Clackamas County residents among 100 thousand in Women's March on Portland
Newly elected Milwaukie City Councilor Angel Falconer attended the march to 'show solidarity with women, LGBTQ, differently abled, people of color, Muslims, and others marginalized in this country and attacked by Trump's campaign.'
The Women's March on Portland last Saturday was exhilarating; the camaraderie contagious. I arrived a little late for the start of the march, but I had no trouble finding it. In fact, I heard it before I saw it — an ocean of sound, wave after wave of cheering.
Then I joined the river of people filling the street as far as the eye could see, in front of me, behind me, all around me. People standing on dumpsters, people waving signs in parking garages, office buildings and retail shops.
Women, men, children, babies, dogs — all there for one reason: To support human rights, no matter what gender, race, color or economic standing.
One chant repeated over and over was "women's rights are human rights." Another was "love trumps hate."
As we passed by an office building a young woman on the third floor yelled out: "What does democracy look like?" And the crowd answered back: "This is what democracy looks like."
Newly elected Milwaukie City Councilor Angel Falconer said that she and her 6-year-old daughter attended the march to "show solidarity with women, LGBTQ, differently abled, people of color, Muslims, and others marginalized in this country and attacked by Trump's campaign. And to show the rest of the world that the majority of us don't support Trump or his dark vision."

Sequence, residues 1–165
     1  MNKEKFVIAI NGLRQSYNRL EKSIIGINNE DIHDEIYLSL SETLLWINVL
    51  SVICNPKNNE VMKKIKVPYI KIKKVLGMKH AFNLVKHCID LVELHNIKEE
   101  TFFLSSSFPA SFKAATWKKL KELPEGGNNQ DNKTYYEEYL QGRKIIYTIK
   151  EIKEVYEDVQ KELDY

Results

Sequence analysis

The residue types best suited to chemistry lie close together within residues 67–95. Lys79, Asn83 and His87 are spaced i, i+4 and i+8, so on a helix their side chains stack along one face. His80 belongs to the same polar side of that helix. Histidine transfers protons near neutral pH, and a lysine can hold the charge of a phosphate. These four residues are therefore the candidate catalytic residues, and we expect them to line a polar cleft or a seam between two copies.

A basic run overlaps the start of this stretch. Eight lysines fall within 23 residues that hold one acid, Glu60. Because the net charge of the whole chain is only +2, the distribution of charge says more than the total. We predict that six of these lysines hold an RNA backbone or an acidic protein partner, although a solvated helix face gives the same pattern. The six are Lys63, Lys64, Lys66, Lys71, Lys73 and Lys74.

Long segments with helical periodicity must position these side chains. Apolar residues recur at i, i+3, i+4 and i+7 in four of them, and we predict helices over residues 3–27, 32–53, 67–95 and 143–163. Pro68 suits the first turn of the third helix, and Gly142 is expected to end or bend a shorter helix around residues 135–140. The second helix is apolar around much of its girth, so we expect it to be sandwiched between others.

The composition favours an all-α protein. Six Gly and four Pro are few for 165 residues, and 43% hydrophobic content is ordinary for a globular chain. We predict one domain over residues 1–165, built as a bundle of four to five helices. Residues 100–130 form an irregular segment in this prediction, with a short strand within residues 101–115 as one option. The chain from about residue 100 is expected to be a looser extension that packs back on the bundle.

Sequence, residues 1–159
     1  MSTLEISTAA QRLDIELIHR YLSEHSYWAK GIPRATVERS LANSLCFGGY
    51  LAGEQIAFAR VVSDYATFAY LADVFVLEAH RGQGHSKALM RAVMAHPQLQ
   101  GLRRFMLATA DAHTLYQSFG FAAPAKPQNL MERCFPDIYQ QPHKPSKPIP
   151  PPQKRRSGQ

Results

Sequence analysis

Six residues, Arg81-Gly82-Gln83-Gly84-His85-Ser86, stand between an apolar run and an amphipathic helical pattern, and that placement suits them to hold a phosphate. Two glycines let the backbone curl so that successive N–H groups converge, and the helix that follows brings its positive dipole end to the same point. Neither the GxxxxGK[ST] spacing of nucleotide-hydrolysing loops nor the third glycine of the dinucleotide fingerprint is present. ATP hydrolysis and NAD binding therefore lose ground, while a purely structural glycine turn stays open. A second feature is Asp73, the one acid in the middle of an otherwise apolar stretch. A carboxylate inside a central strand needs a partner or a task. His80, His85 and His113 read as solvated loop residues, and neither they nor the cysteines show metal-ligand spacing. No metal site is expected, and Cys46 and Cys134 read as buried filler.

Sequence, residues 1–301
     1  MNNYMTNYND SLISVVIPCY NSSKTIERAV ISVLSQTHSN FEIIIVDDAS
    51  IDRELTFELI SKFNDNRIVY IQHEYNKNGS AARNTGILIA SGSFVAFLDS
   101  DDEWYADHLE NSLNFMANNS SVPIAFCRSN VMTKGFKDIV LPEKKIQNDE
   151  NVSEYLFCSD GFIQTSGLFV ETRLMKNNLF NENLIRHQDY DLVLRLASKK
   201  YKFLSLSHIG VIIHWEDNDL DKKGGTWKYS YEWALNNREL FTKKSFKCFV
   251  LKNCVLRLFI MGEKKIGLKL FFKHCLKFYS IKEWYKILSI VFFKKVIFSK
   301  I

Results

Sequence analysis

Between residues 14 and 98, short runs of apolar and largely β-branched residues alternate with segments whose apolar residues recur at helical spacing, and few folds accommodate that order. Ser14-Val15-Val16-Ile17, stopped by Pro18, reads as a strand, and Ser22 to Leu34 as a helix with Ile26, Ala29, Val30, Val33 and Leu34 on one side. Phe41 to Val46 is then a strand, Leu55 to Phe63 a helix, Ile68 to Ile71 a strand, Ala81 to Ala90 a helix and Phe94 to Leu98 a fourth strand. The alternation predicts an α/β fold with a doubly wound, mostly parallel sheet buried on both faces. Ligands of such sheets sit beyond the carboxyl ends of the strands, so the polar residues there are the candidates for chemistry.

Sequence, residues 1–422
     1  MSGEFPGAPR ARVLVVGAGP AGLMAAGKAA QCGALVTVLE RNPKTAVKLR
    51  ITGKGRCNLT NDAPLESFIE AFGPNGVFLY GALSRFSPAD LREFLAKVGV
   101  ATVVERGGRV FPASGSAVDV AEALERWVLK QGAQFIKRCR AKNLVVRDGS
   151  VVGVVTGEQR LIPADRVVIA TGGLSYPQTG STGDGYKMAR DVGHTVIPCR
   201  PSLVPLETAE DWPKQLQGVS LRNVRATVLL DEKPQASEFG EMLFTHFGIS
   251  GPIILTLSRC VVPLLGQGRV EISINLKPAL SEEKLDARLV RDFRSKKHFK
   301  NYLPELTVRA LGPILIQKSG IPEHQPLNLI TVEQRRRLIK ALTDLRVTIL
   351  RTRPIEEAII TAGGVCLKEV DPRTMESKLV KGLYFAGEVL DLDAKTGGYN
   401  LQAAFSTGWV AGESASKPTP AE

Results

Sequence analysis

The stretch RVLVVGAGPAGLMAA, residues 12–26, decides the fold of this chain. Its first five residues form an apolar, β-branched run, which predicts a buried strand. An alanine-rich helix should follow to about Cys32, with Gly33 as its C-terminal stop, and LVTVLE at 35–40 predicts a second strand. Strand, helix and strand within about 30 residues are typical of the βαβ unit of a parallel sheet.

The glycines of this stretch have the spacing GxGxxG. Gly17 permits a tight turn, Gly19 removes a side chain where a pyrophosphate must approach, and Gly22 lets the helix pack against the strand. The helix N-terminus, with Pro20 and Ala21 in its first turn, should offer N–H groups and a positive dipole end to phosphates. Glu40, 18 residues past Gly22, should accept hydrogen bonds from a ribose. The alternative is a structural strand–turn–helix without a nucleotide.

She added, "What I'd like to see more than anything is for Trump to actually be a president for all Americans, to see the hundreds of thousands of us demonstrating and to actually listen to the nearly 3 million more people who didn't vote for him than who voted for him."
On a more positive note, Falconer said she hopes more women and young people will be inspired to run for office, and added that we all need to support a new wave of diverse candidates.
As for the march itself, she noted that it was cold and wet, but the massive crowd was a resilient and peaceful group.
"We sang and danced in the rain with friends, family, and strangers, and just really enjoyed the feeling of community that comes from participating in an event like this," she said.
Falconer added, "I'll cherish the memory of holding my daughter's hand as we marched in unity with 100,000 others to make our voices heard."
Milwaukie Mayor Mark Gamba also attended the event and said he had "never seen an outpouring like this following any election" in his memory.
This "speaks to the concern that a lot of people have on many issues, not just issues around women and equity, but also immigration and climate change—there are dozens of issues," Gamba noted.
Fearing the future
Portland resident Peg Ortner said she was at the march "to be heard. There are so many things I fear we will be losing during the next four years."
She added, "I absolutely support all women's fight against sexual predators and the fight for health care."
Trisha Michael, a Hillsboro resident, said she loved the unity on display at the march.